SilverRock is known for having some bighorn sheep that like to hang out on some of the fairways and tee boxes, and I was really hoping to see some of those. Unfortunately, they weren’t out there on Saturday morning.

Overall, it was another great experience at SilverRock and I’ll definitely be back here again to “Challenge the Rock” as their slogan says. It is a gorgeous course with a really enjoyable layout, so it’s well worth checking out if you haven’t been there.

Some pictures from SilverRock Resort (5/16/15):

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We had just enough time to go and grab a quick sandwich to go at Port of Subs and then headed back down toward PGA West. It was great to meet and greet with all my GK friends before teeing it up in the first group at noon…

PGA West (TPC Stadium Course) • La Quinta, CA • 5/16/15

I came to play out here last year, which was my second visit to this infamous course after several years in between. However, the weather that day was rather nasty with high winds and lots of sand/debris blowing through. It made this already difficult course almost impossible to play seriously.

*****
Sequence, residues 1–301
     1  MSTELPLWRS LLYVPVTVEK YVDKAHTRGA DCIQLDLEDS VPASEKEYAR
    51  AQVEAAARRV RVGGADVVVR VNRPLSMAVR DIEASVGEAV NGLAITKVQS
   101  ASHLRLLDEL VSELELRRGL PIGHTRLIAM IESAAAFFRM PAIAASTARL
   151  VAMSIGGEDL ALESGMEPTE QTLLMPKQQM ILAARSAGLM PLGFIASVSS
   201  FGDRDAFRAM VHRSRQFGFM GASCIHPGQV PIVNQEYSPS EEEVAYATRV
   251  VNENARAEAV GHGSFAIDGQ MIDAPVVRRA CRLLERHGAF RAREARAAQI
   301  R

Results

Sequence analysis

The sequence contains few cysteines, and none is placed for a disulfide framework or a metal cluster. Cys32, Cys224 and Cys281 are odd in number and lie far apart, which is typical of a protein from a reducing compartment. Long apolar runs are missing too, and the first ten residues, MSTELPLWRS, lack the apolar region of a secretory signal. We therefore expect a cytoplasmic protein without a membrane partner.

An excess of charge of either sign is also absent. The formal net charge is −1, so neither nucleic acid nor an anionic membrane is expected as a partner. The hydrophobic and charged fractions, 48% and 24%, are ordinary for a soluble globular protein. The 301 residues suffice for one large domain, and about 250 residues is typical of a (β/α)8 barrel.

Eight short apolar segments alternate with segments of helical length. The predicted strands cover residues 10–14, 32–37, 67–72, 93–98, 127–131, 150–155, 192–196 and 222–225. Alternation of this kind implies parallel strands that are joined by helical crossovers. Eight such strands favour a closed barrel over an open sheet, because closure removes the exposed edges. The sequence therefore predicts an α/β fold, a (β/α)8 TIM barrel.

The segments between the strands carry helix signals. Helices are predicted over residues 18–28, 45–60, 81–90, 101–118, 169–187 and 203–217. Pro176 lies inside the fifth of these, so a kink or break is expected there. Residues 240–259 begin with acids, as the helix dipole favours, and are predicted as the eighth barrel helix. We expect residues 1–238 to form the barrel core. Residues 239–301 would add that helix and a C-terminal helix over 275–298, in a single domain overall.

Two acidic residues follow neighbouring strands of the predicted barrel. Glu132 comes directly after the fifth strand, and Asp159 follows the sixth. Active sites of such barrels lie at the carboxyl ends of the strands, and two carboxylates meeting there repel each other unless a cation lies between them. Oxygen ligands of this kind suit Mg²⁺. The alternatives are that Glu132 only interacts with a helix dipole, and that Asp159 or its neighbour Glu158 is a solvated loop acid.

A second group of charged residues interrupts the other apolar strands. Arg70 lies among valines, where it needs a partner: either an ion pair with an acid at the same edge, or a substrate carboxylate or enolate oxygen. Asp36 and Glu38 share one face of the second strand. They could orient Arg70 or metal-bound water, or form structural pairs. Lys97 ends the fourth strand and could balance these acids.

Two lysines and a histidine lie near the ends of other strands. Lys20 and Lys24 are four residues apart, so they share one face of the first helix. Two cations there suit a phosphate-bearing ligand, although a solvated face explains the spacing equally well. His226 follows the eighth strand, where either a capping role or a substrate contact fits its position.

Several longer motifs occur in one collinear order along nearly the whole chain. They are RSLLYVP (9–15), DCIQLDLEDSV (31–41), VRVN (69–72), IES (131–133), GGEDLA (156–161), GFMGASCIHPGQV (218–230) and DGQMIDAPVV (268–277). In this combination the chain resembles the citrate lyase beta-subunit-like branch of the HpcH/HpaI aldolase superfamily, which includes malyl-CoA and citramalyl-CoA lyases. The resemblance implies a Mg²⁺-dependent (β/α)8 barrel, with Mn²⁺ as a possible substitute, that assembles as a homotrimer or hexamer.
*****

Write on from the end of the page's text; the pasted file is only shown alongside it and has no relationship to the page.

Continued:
I was looking forward to getting a fair shot at Stadium this time (and better pictures, too) with better weather in the forecast. Though the tournament was set up to play the white tees, our group and a few other individuals opted to play the blues. Even though I should be playing the whites based on my driving distance and overall abilities, this is one course I prefer to bite off more of a challenge. Like when I played Bethpage Black last year, I wanted to max out the test.

Of course, we weren’t super crazy. Playing the blues at 6,739 yards was more than enough of a test. We weren’t bold enough to attempt the black tees at 7,300. Maybe next time : )